The man responsible for shaping Keshorn Walcott into an Olympic gold medallist, Cuban throws coach Ismael Lopez, says there is no limit to the heights the talented teenager can attain.

"His best quality is dedication, so we can achieve anything. Wow. I feel very happy. I'm very proud of Keshorn. I don't have words to describe."

Walcott became only the second Trinidad and Tobago athlete in Olympic history to strike gold, when he won the men's javelin with an 84.58 metres throw, at the Olympic Stadium, here in London, England, on Saturday.

Walcott's winning throw was a 1.75-metre improvement on his pre-Olympic personal best—82.83m. The 84.58m effort is a new Pan American junior (under-20) and national senior record. It lifted Walcott into second spot on the all-time global under-20 list, behind Latvia's Zigismunds Sirmais, the world junior record holder at 84.69m.

Lopez told the Express he was not surprised by Walcott's London 2012 performance.

"For me, I expected the junior world record. We were working at making his first throw relaxed. If the first throw is good, it makes things easier."

As planned, Walcott was relaxed for his first round effort, throwing the javelin 83.51m. In round two, he improved to 84.58m—the throw that would earn T&T its first taste of Olympic gold since Hasely Crawford's men's 100m triumph in 1976.

Dexter Voisin, the T&T track and field manager at London 2012, said that Walcott's triumph could not have been anticipated.

"It was a surprise to anybody. I sat among European coaches and saw amazement in their faces.

"This shows that once you put your mind to something and stick to the game plan, you can achieve anything. Keshorn is a very disciplined guy, takes training very seriously, listens to his coach, and has a strong mind. He's the ideal athlete."

T&T chef de mission, Annette Knott, also praised the 19-year-old Toco thrower.

"Quiet confidence. He works hard, without any fuss."

Walcott has had an arduous but highly rewarding season, striking gold at the Carifta Games, the Central American and Caribbean (CAC) Junior Championships, World Junior Championships, and now the Olympic Games.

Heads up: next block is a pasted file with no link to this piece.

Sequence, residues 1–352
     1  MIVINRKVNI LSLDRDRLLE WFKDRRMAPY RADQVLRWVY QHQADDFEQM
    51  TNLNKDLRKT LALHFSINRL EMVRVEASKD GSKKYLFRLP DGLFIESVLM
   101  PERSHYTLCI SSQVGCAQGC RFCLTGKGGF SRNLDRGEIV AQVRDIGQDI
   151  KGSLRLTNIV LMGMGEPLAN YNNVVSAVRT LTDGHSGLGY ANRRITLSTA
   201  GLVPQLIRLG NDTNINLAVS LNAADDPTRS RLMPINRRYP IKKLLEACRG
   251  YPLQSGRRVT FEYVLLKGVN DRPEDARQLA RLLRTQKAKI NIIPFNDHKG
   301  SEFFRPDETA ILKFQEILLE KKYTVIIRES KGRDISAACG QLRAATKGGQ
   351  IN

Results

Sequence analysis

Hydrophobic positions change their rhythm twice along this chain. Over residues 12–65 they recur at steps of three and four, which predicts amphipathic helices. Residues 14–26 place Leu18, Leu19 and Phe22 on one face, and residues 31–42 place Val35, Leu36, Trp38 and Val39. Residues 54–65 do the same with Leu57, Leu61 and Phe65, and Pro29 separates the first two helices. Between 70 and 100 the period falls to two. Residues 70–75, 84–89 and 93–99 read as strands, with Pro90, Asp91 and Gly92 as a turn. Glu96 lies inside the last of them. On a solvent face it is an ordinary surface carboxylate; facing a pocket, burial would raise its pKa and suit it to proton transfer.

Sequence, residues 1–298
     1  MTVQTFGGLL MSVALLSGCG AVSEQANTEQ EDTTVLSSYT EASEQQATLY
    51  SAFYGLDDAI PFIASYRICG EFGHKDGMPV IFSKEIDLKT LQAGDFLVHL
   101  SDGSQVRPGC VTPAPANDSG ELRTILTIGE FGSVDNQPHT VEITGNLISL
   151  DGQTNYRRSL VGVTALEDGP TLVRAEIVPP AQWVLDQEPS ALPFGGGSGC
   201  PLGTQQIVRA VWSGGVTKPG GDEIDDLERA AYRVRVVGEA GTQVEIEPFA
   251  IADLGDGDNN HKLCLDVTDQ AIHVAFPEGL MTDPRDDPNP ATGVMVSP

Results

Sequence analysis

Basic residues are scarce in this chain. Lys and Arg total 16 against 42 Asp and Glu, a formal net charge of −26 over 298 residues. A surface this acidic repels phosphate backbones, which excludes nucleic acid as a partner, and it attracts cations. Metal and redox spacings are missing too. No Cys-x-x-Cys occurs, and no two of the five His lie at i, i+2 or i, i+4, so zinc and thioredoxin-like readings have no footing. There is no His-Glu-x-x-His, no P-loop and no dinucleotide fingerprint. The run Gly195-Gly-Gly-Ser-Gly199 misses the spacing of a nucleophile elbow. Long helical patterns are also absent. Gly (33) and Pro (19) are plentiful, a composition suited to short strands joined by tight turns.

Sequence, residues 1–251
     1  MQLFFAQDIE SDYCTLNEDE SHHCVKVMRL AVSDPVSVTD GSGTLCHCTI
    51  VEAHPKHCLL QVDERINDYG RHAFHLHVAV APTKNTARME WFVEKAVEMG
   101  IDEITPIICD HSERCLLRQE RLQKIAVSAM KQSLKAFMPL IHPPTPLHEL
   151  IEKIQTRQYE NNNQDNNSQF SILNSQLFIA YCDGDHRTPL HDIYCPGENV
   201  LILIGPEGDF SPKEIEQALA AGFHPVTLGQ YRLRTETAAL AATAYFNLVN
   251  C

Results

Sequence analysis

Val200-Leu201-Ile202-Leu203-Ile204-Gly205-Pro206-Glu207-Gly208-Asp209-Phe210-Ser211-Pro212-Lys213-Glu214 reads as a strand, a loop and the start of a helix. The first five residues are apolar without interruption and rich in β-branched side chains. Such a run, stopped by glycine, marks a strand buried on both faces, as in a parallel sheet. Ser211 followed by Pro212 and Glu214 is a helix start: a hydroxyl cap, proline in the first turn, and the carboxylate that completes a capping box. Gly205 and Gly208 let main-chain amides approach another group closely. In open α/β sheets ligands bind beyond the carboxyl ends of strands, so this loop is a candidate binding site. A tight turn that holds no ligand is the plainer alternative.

Lopez said his athlete will now get a well-deserved rest, before beginning preparations for the 2013 season.

"We have to take care of him. Keshorn was invited to two meets in Europe, but he'll go home. For him, the season is finished."

Walcott's main focus in 2013 will be the World Championships, in Moscow, Russia. Hitting the 90-metre mark is also among the thrower's goals for next season.

Lopez said he is looking forward to the continued support of the Sports Company of Trinidad and Tobago (sportt).

"I'm grateful for the camp in Cuba in April and May that they paid for. It made a big difference in Keshorn's preparations."

He said the pre-Olympic camp in Cardiff, Wales, was beneficial as well.

"It had all the facilities, everything, and played a key part in Keshorn's performance."

While Walcott has a rare gift for hurling the spear, Lopez is convinced there are other potential Olympic champions in T&T waiting to be discovered.

"There are more like him, but something needs to be in place to develop field events. We need facilities. The throwers and jumpers cannot always train at the Hasely Crawford Stadium. Because of football games, the field is not always available. A field events facility is needed."

Lopez said throwing talent abounds in both Toco and Tobago.

"You have to look long-term. Start at 12/13. At that age, you have the time to teach different skills for throws. At age 15/16, the athletes can specialise in a particular throw."

If Lopez has his way, the Walcott win—arguably the biggest surprise of London 2012—will not be a one-off occurrence never to be repeated, but rather, the first of many global field successes for a nation that has built its Olympic reputation on the track.

By Keshorn Walcott